Sunday, August 28, 2011

Fighting this aging business

I am attempting to fight this aging business. Sometimes I feel like I am winning - I actually have muscles right now from six months of going to the gym, I don't color my hair and have very few gray ones so far (and am happy to gloat about this fact), my wrinkles are minimal, and I don't think I look my age yet.

But then if you look at my medical file, you would think I was twice my age (which is a number that is none of your business). Before digital medical records came into play I had one of those thick files which could be used as a door stop. Now my doctors have to look through MANY appointment notes to find out what is going on. Sometimes I think they get lost in my medical file the way I sometimes get lost in Google.

I was reading an article about heart attacks waiting to happen and can say with some level of certainty that will not be me. But then I didn't expect cancer either.

Getting old isn't for sissies. Well I'm not a sissy by any stretch of the imagination (unless there are crawly things in the bathtub or bears outside the tent while camping or the doctor says 'you might feel a pinch') and I don't plan on wimping out either.

I'm not sure I am aging gracefully but I plan on having fun while doing so. What's life if you aren't having fun? This aging business just interferes from time to time.

Saturday, August 27, 2011

One of those days

This is one of those days. I can tell already. I woke up at 335am and couldn't get back to sleep. My husband did. The cat did. I didn't. I finally got up around 5 and am tired but can't sleep. But I did run the dishwasher and clean the kitchen.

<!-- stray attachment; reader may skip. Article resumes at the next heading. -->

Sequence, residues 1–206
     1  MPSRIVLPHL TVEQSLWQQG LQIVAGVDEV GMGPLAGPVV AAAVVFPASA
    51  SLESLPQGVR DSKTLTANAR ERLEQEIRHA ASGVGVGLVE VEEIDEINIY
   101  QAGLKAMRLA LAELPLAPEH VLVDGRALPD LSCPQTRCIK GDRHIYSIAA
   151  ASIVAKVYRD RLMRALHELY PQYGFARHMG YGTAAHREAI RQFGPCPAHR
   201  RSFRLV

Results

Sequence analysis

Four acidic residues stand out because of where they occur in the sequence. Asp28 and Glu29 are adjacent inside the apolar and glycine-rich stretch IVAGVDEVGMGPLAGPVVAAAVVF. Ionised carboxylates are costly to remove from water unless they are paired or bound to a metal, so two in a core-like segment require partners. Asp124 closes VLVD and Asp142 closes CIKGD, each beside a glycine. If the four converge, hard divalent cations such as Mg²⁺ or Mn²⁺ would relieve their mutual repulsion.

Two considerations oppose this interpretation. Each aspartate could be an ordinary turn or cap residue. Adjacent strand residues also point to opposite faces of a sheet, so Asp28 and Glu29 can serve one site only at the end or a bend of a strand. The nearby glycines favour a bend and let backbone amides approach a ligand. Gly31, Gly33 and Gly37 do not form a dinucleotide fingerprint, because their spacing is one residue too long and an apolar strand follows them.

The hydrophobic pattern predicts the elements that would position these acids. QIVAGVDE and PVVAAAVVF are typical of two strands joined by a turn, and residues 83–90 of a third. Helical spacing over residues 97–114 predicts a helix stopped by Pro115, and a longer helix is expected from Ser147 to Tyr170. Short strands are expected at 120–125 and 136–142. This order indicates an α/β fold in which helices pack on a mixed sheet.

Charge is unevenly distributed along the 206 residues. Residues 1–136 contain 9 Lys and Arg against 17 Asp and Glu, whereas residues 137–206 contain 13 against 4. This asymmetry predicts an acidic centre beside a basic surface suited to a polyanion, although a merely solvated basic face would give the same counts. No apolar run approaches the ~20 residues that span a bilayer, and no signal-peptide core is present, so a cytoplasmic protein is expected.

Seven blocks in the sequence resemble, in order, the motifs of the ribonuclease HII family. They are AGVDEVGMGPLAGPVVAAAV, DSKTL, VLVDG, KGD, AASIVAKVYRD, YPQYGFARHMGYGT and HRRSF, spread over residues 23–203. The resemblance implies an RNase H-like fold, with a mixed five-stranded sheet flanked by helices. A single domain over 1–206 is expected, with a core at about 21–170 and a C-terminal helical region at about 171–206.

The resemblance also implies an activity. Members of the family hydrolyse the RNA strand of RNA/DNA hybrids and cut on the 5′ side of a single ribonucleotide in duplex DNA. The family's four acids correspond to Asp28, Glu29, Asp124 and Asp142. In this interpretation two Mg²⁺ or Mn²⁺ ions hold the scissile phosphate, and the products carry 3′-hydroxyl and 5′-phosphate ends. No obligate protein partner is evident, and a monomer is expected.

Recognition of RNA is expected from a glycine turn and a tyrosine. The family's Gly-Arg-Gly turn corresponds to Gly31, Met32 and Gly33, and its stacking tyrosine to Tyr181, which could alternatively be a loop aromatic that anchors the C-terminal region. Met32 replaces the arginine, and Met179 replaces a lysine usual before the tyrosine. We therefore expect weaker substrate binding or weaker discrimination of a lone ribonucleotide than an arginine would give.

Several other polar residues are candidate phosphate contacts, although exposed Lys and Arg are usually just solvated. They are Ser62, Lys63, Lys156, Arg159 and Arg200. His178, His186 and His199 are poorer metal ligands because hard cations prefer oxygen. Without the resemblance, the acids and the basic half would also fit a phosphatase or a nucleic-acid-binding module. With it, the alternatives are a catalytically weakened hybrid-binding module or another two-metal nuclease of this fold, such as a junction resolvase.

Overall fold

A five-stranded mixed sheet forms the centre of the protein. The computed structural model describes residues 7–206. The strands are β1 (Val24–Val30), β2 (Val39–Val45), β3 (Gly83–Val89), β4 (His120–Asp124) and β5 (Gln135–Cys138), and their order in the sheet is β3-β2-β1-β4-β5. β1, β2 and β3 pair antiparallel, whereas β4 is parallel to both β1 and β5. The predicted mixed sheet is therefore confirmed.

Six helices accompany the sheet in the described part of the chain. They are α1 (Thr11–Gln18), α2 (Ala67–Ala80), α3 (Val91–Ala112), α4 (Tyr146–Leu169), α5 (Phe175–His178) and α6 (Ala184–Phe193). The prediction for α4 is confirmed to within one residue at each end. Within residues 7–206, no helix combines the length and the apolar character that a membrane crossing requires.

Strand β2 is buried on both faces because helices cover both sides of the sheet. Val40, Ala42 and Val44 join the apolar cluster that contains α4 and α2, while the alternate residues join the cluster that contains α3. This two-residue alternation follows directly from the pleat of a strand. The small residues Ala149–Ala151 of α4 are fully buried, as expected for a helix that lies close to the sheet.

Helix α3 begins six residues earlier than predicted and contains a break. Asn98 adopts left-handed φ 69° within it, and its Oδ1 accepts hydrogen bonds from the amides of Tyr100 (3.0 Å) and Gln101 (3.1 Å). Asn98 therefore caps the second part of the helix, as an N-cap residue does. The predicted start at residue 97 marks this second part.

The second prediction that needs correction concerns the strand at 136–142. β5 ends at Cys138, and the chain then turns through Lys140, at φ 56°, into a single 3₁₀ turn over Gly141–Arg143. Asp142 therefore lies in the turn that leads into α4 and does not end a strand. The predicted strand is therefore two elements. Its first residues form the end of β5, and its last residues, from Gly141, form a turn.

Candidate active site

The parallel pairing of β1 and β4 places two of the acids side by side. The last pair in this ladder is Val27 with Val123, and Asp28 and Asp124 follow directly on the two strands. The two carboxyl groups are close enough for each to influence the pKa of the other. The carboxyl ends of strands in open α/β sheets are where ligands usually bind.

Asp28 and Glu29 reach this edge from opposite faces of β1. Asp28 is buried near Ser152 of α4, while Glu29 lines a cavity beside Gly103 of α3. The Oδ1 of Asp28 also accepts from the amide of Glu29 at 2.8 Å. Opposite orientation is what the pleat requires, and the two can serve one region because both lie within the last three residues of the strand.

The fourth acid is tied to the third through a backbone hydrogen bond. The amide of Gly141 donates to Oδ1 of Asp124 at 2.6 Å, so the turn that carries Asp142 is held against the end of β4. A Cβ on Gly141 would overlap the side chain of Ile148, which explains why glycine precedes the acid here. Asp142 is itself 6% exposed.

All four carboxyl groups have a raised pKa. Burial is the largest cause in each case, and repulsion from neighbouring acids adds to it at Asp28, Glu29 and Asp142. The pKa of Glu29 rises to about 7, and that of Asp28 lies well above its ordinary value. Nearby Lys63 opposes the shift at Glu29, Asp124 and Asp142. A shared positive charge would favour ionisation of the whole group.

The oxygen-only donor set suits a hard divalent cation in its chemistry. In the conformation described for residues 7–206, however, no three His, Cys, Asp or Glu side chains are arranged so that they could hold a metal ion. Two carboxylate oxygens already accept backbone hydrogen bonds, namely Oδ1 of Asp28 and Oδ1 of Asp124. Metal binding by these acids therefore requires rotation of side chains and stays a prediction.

I am not blogging about the impending visit by Irene. It is being over-hyped by the media and there are plenty of other people talking about death and destruction as a result.

I am not blogging about the fact that my tennis elbow seems to have returned and is very aggravating as a result. I will see how it goes but may need to go back to PT. Grrr...

I am not blogging about the fact that I have yet another skin rash - something I never got before chemo and now get frequently. I have a dermatologist appointment in two weeks and will suck it up until then.

I am not blogging about lymphedema related issues since I injured my shoulder and my arm has been living in a puffy state since. There is nothing they can do at the lymphedema clinic anyway. I could do their stupid exercises again - if I could remember then.

I am definitely not blogging about the 2012 presidential election because it is too far in the future and frankly I am sick of all the candidates and their stupid posturing already.

I am blogging about being in a crappy mood because I am tired, itchy, and achy already. Maybe I'll take a nap.